What are you reading?

A weekly look over the shoulders of our scholar-reviewers

August 29, 2013

Roger Brown, professor of higher education policy, Liverpool Hope University, retires at the end of this month. “I’m reading NHS SOS: How the NHS was Betrayed and How We Can Save It [Oneworld, 2013] edited by Jacky Davis and Raymond Tallis. As well as being an extremely accessible account of the recent reforms to the NHS, the book offers some fascinating parallels with the coalition government’s unmandated reforms to higher education. A strongly recommended read.”

The Silver Star, by Jeannette Walls

Amanda Leigh Cox, doctoral candidate in translation studies, peace and conflict at Concordia University, Canada, is reading Jeannette Walls’ The Silver Star (Scribner, 2013). “Walls again delves into tragicomic family dysfunction in this novel set in 1970s America. Twelve-year-old Bean narrates as she and her 15-year-old sister Liz head from California to an estranged uncle’s vast rural Virginia acreage, when their delusional mother disappears. Walls’ compelling characters display nuance and charm; the plot is engaging but straightforward – all the requisites for an entertaining read.”

The Unlikely Pilgrimage of Harold Fry, by Rachel Joyce

Rebecca Huxley-Binns, professor of legal education, Nottingham Law School, is reading Rachel Joyce’s The Unlikely Pilgrimage of Harold Fry (Black Swan, 2013). “A poignant and warming tale of one man’s life and love, which unfolds as he undertakes an unexpected walk from Dorset to Berwick-upon-Tweed. I readily identified with many of the characters Harold meets on his trip. This novel offers a perceptive and realistic snapshot of people and their relationships (and secrets), with a depth of emotion that made me smile, nod my head, and even brought me to tears a few times.”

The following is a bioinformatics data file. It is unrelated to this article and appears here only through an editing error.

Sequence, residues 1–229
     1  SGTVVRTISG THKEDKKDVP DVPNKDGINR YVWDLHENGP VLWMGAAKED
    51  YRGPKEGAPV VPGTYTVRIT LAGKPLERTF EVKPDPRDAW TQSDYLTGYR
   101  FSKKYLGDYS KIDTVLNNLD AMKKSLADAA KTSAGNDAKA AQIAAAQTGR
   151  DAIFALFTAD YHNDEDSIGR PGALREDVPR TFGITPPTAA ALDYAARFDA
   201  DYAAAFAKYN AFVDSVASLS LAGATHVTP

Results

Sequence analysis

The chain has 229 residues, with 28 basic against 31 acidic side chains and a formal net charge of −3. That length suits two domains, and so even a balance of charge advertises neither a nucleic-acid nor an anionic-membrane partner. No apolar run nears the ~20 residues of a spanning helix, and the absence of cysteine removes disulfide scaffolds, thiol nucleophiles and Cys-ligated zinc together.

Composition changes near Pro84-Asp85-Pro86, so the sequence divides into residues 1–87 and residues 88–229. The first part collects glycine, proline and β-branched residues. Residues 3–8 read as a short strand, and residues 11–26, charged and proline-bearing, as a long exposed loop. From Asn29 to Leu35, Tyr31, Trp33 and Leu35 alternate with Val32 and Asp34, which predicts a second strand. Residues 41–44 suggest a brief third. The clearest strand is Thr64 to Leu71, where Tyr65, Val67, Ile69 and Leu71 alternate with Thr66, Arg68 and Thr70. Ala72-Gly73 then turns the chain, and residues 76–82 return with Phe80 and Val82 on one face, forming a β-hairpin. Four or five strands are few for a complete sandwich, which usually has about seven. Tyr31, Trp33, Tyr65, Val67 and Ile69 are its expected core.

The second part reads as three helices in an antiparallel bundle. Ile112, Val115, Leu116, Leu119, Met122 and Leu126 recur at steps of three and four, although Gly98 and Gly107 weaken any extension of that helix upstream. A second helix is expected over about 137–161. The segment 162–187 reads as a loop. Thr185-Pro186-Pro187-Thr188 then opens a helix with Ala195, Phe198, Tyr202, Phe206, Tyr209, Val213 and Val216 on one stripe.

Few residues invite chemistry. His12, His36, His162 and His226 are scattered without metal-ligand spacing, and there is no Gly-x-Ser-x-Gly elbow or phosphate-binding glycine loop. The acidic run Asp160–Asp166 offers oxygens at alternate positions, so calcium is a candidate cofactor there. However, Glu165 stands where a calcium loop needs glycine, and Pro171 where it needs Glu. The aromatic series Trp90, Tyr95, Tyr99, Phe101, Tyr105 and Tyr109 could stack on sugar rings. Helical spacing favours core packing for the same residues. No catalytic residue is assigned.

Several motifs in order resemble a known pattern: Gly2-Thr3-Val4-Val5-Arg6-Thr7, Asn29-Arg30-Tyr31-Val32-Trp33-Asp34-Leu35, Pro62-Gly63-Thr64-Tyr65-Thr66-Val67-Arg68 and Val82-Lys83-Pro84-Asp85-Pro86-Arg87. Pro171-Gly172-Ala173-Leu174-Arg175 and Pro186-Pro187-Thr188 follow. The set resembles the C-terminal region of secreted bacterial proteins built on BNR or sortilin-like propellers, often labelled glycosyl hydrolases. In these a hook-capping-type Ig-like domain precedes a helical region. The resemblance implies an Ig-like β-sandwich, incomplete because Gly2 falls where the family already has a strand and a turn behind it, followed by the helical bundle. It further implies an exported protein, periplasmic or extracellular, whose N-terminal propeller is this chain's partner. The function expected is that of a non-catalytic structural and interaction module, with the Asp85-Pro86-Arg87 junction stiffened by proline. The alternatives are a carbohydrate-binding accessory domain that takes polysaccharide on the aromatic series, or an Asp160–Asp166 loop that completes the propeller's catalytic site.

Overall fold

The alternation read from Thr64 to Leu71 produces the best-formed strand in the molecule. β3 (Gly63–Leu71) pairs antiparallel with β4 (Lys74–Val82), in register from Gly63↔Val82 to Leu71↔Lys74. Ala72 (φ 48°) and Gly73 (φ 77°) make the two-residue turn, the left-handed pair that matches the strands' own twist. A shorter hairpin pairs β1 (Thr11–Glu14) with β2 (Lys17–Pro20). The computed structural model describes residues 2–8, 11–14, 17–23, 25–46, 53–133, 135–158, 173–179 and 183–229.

Our Village, by Mary Russell Mitford

R. C. Richardson, emeritus professor of history at the University of Winchester, is reading Mary Russell Mitford’s Our Village (Arc Manor, 2009). “These sketches, first published in the early 19th century, depict an idyllic rural arcadia; a society defined by good order, neighbourliness and respectability whose high points were May Day celebrations, village weddings and cricket matches, and from which unwanted intrusions such as enclosure and newfangled farm machinery were kept at bay. Harsh economic realities are never seen. For Mitford, hay-making is simply a ‘delightful’ occupation and contentment is to be found even in poverty.”

Clandestino: In Search of Manu Chao, by Peter Culshaw

Sharon Wheeler, senior lecturer in journalism, University of Portsmouth, is reading Peter Culshaw’s Clandestino: In Search of Manu Chao (Serpent’s Tail, 2013). “Mano Negra were France’s answer to The Pogues. More than a decade on, Culshaw goes in search of enigmatic lead singer Manu Chao, and finds himself on a manic pursuit around the world. Any tale that includes train journeys through Colombia and making records in a Buenos Aires mental asylum is never going to be your average music biography.”

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